If you want to get on TV, write a book.
I’m serious. Being an Author opens doors you could never get through otherwise—like television.
That’s because a book makes you an instant expert. Especially if you self-publish.
As a self-published Author, you’re free to write your book from a profoundly authentic place and then use that book to get fantastic media coverage—including television.
That said, television isn’t always the best way to get the publicity you need.
At Scribe, we’ve published more than 700 non-fiction books, and plenty of those have made their Authors a ton of money.
How did those Authors do it? They found the right media opportunities with the right audience.
For example, let’s say your book is about accounting for dental practices. You’re better off appearing on a podcast about dental practice management than appearing on a local TV morning show.
Why? Because speaking to 200 people who run a dental practice will move the needle far more than speaking to 10,000 people who don’t.
But if you wrote the kind of book that can connect to your ideal audience through TV, here are 12 tips for landing that coverage.
12 Best Tips for Getting on a TV Show
1. Choose wisely
If you want your TV appearance to be worth the effort, it’s critical to get on the right show. Make sure any TV shows you apply to:
- speak to your target audience
- are aligned with your book’s message
- feature segments like the one you’re envisioning
Remember, getting on television isn’t an end in itself. The whole point of any publicity is to work toward your ultimate goal. For example, you might have written your book:
- to attract new business clients
- to launch a new career
- to become a thought leader in your field
Or for any number of other reasons, all designed to create a specific change in your life or business.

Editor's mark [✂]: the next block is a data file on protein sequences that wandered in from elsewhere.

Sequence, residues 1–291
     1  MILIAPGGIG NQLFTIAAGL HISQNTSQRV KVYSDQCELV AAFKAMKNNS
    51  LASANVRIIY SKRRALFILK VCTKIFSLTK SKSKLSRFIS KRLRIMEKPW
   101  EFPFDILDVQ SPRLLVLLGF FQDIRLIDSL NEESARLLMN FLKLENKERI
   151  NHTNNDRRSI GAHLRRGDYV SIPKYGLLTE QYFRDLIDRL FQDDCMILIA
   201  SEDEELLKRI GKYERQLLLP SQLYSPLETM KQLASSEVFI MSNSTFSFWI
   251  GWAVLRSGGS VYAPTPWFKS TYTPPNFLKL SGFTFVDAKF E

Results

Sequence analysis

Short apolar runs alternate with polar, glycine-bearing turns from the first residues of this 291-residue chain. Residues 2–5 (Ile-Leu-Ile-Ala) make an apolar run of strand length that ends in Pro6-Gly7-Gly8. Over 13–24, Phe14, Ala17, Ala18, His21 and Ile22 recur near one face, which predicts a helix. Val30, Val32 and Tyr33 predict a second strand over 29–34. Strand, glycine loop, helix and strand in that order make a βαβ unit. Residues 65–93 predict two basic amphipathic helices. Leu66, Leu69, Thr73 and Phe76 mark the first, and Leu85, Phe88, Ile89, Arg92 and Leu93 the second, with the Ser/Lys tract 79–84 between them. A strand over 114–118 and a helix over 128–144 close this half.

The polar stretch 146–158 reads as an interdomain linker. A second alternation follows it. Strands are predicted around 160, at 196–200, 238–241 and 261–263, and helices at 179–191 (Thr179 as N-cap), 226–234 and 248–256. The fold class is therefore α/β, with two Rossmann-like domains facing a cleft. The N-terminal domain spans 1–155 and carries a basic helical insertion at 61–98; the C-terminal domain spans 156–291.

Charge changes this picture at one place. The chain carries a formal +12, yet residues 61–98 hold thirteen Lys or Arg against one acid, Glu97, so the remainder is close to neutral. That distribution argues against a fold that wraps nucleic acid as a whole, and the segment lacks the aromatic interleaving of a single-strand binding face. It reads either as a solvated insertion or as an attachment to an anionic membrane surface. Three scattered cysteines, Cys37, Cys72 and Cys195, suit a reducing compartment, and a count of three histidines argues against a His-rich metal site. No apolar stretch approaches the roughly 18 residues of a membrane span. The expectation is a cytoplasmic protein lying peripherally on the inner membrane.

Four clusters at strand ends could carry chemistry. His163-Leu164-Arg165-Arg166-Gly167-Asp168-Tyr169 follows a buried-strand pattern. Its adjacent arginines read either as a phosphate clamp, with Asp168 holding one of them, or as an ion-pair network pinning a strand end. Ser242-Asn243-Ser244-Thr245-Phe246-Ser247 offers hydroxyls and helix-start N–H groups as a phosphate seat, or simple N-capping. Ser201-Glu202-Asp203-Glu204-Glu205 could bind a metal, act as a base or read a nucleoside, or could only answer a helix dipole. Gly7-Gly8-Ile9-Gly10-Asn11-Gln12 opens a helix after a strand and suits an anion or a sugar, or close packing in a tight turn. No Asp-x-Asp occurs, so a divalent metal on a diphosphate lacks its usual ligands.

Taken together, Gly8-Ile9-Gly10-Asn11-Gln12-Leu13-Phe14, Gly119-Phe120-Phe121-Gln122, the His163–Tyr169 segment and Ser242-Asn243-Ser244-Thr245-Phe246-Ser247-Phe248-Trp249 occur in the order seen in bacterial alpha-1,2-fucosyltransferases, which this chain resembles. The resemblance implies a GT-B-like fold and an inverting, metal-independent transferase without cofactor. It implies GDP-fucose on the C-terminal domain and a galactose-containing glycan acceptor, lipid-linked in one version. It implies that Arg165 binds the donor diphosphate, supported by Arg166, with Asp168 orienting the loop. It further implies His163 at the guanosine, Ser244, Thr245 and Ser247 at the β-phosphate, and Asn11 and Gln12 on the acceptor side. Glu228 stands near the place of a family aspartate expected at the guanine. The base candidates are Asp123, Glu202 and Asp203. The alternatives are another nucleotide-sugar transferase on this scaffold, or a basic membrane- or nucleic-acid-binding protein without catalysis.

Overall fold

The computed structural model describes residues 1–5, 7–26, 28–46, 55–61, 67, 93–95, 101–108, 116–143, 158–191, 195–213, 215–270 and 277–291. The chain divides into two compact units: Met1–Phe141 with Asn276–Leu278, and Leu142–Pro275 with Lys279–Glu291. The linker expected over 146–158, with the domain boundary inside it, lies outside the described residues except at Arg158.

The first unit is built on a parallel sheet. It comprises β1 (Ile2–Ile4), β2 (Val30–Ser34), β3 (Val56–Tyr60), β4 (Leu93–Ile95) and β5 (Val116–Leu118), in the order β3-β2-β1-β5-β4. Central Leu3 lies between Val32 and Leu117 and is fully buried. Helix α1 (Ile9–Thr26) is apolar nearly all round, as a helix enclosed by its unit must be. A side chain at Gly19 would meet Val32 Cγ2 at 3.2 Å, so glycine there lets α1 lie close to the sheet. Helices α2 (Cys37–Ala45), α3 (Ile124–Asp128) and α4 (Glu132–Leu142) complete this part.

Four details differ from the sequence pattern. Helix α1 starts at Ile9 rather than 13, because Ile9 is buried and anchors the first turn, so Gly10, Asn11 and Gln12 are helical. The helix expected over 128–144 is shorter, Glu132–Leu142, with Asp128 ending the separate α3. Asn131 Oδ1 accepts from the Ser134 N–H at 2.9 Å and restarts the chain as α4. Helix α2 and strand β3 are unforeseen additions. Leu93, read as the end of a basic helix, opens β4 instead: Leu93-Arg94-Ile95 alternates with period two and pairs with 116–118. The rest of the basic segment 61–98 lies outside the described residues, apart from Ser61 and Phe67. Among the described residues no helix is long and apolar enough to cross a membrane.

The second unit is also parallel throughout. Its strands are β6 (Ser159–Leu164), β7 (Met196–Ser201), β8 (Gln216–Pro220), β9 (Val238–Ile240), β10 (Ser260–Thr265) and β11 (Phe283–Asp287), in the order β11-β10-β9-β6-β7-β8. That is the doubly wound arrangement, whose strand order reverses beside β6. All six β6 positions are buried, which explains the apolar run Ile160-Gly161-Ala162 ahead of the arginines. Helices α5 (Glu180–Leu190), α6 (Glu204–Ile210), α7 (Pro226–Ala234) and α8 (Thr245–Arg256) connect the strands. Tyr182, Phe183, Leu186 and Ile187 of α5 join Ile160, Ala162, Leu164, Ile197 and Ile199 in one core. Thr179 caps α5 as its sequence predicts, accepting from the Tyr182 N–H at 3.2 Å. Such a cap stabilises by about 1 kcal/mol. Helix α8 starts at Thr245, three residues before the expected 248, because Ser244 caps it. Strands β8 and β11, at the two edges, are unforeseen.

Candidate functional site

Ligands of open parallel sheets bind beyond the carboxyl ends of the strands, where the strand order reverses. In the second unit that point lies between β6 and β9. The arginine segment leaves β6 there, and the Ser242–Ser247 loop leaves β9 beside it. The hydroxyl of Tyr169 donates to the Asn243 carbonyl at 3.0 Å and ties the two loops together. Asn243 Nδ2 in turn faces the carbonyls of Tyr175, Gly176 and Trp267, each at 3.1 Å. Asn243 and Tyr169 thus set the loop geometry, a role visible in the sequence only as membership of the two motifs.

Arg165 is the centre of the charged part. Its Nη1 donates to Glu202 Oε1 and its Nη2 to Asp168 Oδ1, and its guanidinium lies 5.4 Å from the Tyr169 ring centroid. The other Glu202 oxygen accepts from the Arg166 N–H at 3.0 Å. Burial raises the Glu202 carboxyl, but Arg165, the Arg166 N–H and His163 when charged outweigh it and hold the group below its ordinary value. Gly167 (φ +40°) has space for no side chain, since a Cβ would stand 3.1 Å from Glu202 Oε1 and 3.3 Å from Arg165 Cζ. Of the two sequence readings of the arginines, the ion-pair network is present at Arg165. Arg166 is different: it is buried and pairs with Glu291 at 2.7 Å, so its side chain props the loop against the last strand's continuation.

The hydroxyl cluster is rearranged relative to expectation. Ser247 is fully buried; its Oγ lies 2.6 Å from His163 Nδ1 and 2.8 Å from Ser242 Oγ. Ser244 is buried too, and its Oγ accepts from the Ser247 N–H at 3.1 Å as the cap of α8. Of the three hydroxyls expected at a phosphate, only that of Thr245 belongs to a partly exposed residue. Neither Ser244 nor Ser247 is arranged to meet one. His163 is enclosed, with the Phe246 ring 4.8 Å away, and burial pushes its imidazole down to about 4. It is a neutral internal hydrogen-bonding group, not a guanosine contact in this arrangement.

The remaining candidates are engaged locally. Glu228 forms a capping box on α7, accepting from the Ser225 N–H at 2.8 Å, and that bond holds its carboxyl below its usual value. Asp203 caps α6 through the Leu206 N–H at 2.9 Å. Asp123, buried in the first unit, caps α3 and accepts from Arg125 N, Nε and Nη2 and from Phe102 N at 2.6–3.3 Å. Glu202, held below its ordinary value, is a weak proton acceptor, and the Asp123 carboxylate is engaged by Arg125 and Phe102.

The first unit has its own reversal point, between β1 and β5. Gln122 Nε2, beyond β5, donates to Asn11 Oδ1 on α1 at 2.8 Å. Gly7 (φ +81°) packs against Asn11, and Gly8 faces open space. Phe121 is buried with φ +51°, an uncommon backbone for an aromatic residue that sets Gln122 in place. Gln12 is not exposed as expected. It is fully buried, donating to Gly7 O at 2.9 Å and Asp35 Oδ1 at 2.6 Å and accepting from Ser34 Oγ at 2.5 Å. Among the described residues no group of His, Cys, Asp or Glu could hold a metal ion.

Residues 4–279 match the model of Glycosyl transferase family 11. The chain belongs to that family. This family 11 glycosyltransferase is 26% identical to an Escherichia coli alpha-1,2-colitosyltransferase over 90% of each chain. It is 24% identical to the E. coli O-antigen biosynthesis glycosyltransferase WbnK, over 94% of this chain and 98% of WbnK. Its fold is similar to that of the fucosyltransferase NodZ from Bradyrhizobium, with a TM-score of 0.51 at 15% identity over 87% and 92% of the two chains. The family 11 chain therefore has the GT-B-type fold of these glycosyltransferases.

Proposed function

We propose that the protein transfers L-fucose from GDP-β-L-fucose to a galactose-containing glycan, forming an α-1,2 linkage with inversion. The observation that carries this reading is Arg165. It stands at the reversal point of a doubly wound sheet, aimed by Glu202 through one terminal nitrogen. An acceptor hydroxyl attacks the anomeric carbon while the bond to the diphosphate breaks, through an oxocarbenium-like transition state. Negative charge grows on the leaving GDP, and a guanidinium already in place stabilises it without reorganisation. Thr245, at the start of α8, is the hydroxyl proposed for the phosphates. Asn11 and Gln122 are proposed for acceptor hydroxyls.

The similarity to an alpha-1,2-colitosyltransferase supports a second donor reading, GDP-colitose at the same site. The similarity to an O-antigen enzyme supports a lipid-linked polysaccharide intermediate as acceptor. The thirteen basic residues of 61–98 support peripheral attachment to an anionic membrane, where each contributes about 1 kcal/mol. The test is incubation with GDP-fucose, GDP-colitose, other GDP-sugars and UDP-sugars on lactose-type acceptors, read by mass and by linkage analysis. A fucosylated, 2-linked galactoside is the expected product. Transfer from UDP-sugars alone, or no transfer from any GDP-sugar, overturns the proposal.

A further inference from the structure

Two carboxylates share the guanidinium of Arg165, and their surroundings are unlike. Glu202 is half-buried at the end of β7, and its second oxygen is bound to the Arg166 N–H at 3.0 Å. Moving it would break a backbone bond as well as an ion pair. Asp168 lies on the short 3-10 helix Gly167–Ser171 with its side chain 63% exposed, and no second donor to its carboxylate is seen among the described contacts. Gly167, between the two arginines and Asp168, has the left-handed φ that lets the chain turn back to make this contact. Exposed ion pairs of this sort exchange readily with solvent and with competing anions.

When you’re choosing TV shows to apply to, think about the audience you need to reach to make that change.
2. Be timely
Once you know which shows you want to apply to, it’s time to work on your pitch.
TV tends to be extremely timely. Try to tie your segment pitch into something relevant that’s in the news, either locally or nationally.
If your book ties naturally into a seasonal event, that’s a great opportunity to plan ahead and apply early. For example:
- spring weddings
- tax season
- Valentine’s Day
- Black Friday sales
For any segment you pitch, position yourself as the expert to talk about that particular issue. Make sure it ties back to your book so you can use it as a credential.
Finally, remember that no matter what your ultimate goal is, you’re not on the show to sell anything. At least, not directly.
You’re there to serve the TV show’s audience: sharing information with them, entertaining them, or educating them on an issue they care about.
3. Provide value
Catering to the show’s audience is extremely important. TV shows survive on ratings. To keep those ratings high, they want to book guests their core audience will love.
So the best way to get on a TV show is to prove that their audience will care about your segment. Ask yourself these questions:
- What value are you providing to their audience?
- What problem are you solving for them?
- What specifically will they get out of it?
These are the kinds of questions executive producers think about, so be sure to answer them in your pitch. If you’re providing genuine value to the audience, the show will want to book you. It’s that simple.
4. Send a great author bio & book description
Once you’ve fully outlined the segment you want to pitch, you’ll need to gather the right materials to sell it.
That starts with a great book description and Author bio.
The description should hook the audience immediately. The bio should prove that you’re the perfect person to write this book—and to be on this TV show.
If you need some help writing either of these, we have a whole post about each one:
5. Create a fantastic media kit
The rest of your media kit should be designed specifically for television.
A media kit is an online dropbox that consists of several parts. Be sure to provide folders with different category headings and well-named files to make things easy to find.
Two of the most important elements in any TV kit are your headshot and your “key ideas” document.
The best headshot is one that provides a professional, authentic image you can live up to in real life. Remember, you’re going to be in front of the camera.